RI’s Lead Law 7 Certificates of Conformance require that property owners 1.Attend a Lead Hazard Awareness Class 2.Visually assess the property 3.Get an Independent Clearance Inspection 4.Fix lead hazards 5.Use lead-safe work practices in any maintenance projects 6.Give tenants an Inspection Report and lead hazard info 7.Respond to tenants' concerns about any lead hazards
Population of Properties Residential properties Residential properties – 1 to 5 family properties – Apartments (6+ units) – Mixed use (commercial + residential) Core cities in Rhode Island Core cities in Rhode Island – Central Falls – Pawtucket – Providence – Woonsocket Built before 1978 Built before 1978 – For both exempt and non-exempt 9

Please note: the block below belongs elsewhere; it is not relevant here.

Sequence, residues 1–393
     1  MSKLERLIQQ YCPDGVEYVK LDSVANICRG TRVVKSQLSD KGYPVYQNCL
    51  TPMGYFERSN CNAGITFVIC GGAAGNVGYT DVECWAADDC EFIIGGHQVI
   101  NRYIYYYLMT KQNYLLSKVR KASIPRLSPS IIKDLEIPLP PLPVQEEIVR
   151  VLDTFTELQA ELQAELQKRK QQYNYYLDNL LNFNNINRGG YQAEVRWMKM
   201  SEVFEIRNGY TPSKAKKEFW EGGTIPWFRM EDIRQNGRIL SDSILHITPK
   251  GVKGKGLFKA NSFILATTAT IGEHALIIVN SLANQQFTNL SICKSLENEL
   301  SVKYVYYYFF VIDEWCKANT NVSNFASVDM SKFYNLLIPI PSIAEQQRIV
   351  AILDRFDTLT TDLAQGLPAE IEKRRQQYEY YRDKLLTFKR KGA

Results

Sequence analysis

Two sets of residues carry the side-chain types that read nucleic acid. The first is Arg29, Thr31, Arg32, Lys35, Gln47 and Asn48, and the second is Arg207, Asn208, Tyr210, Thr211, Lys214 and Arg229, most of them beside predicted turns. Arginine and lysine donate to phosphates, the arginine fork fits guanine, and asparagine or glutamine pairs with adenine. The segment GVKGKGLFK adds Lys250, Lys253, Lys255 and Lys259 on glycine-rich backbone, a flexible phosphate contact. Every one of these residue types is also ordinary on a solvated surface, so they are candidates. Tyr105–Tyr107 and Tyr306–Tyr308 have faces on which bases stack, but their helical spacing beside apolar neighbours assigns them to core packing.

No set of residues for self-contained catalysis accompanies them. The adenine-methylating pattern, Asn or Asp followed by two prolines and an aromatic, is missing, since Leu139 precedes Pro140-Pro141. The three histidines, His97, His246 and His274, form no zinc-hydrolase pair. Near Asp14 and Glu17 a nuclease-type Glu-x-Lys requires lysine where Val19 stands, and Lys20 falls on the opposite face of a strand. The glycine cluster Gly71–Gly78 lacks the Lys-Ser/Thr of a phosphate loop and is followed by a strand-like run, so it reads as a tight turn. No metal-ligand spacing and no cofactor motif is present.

Data 10 Property-Level Data Property-Level Data Compliance certificates Tax Assessor Data – Current as of… Providence, 2009 Woonsocket, 2009 Pawtucket, 2010 Central Falls, 2011 Master Look-Up Tables – Verifies the property associated with each address Child-Level Data Child-Level Data Blood Lead Levels (BLLs) – Confirmed blood lead test results – Children living at addresses in the core cities – Ages 0-72 months
Linking Method 11 2. Standardize Address Data to Properties and Match 1. Aggregate Lead Test Results to Properties Lead- exposed children Lead Compliance Property descriptives
Focus : Rates of compliance with the Lead Hazard Mitigation Act Population : 15,678 non-exempt properties – Did or did not have any children with blood lead tests (all non-exempt residential properties in our linked dataset) – 2005-2012 Compliance 13